Friday, March 07, 2008

Ok - I think I am way too busy. My goal was to have the 58th NCT manuscript done by the end of March. I am parked at January 1864 as of today. Yesterday, I wrote about Joe Johnston taking command of the A of T, and about his January 8 General order No. 5. I was hoping to at least get to the start of the February 1864 battle of Dalton, but other things are crowding my time.

What are those other things? We finally decided on three North Carolina Civil War Trail markers for Avery County: the Blalocks/Grandfather Mountain; The Banner House/underground railroad; and, the Cranberry Iron Mines. I am trying to work up some good text for all three of these. Plus, I’ve been invited to speak at the end of the month at the dedication of two NC Civil War Trail Markers in Caldwell County. Both of these deal with the Stoneman’s 1865 raid.

Also, I am writing text for the brochure for the National SCV convention being held in North Carolina in July 2008. It is a great honor, and I have six pages to fill up. I just have to decide what I’m going to write.

Also, I’m working with the Mitchell County Historical Society on a project. My editor wants to see a proposal for this project by Wednesday, and I’ve not even started.

That’s not to mention the "Save the old Linville Depot" project going on at the Avery County Historical Society, and that I finished the newsletter for them this week.

Then there is that pile of email awaiting my attention.

Well, I guess I need to go and work on that proposal.

Monday, March 03, 2008

Different worlds

Ok, I said that I would post when I got home. However, today, on the grounds of the state capital, something caught our eye that I wanted to write about while it was still fresh in my mind.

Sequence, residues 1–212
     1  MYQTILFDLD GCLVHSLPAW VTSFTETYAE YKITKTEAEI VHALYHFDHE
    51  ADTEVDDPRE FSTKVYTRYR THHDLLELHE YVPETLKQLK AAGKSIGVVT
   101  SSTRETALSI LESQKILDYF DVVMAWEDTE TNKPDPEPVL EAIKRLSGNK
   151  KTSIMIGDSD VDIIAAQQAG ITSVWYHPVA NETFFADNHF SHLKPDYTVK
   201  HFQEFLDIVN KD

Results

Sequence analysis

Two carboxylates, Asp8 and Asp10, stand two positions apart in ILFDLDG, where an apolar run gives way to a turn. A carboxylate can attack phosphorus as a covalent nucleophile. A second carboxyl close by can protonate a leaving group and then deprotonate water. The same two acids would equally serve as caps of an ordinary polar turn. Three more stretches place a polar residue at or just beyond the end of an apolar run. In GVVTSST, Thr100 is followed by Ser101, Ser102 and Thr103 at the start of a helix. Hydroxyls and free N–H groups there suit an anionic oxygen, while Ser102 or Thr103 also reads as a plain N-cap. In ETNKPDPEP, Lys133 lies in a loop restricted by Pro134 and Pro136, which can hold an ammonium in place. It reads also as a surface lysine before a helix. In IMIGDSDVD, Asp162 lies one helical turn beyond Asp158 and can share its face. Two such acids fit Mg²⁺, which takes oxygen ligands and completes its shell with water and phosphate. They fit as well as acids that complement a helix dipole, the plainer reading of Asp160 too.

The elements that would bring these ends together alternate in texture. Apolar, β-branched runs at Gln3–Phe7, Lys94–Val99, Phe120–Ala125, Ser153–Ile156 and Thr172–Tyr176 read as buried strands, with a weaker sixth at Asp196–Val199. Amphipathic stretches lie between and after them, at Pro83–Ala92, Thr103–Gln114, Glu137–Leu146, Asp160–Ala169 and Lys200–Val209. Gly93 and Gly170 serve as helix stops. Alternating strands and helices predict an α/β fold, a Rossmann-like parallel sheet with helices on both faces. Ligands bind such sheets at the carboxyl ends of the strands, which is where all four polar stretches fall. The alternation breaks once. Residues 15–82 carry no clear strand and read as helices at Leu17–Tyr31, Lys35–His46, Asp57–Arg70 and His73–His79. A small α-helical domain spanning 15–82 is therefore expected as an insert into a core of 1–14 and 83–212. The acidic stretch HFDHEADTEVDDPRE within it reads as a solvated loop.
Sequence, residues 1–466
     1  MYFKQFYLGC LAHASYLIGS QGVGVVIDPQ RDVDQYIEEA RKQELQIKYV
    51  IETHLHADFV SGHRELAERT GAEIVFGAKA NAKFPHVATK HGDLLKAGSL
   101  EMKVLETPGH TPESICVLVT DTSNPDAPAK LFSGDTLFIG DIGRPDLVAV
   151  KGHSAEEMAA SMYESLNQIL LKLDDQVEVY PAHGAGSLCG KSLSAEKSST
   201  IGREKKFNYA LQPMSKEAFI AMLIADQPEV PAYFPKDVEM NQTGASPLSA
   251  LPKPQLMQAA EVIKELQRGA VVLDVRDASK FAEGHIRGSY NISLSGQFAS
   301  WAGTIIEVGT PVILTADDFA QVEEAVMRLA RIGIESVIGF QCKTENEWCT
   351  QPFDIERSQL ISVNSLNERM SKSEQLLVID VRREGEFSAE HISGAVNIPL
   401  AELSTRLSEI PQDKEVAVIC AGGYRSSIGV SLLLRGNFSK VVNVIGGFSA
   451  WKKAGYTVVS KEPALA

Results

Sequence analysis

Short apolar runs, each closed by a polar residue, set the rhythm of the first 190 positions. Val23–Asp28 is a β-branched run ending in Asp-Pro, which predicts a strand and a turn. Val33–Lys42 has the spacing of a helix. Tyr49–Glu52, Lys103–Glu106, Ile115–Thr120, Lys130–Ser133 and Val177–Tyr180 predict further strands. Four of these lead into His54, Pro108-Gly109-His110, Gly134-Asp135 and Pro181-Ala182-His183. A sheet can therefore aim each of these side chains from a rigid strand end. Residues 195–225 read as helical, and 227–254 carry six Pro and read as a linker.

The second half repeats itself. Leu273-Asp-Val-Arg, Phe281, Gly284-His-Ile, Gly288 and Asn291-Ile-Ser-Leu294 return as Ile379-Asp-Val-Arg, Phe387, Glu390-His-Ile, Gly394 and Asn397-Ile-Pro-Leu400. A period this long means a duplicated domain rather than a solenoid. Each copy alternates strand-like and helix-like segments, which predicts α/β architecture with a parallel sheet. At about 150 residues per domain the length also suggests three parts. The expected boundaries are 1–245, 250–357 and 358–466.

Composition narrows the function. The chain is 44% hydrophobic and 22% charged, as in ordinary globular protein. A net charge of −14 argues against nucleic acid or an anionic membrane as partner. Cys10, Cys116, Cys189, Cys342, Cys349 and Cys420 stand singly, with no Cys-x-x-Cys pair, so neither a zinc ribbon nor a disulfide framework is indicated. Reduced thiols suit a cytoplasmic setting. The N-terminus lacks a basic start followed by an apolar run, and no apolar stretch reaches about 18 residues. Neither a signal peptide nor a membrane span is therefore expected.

We are in the eastern part of the state - my wife is going to Johnston Community College for a class on Tuesday. On the way over, I wanted to stop at the old state capital for a bit of research on an un-named project. And, we want to take the kids to the Natural Science museum.

We had finished our tour in the capital, and I wanted to walk over the grounds. I had noticed some good light on the monument to the Women of the Confederacy on our way in and I wanted to try and get some good photos. As we walked behind the statue, we noticed a lady sitting to one side of the monument. At first, we didn’t even notice her, as she was completely swathed in a burka. The astonishing contrast between this woman, covered from head to toe in obedience to the strictures of Islam, could not have been more different from the bronze matron in whose shadow she sat. The woman on the monument is beautiful in a serene, profound way as she hands off the symbols of Confederate heritage to a young boy. Her sculpted hair and clothing adhere to the fashion dictates of her own time, but are flowing, natural in their lines. She is not concealed, covered up or otherwise hidden away. She is displayed, but there is nothing lewd or provocative about her dignified persona. In contrast, the woman sitting below had no identity other than that of her religion. Although she was flesh and blood and the monument’s figure is cold bronze, there was no question which seemed the more alive. It was truly a moment to ponder. To see these two women on the same spot of earth is both a vivid reminder of the remarkable world in which we live, and the yawning chasm that still exists in the way we each see the world.

Sunday, March 02, 2008

Off to Raleigh

Folks - I will be away for a couple of days - off to Raleigh. I’ll resume posting when I return.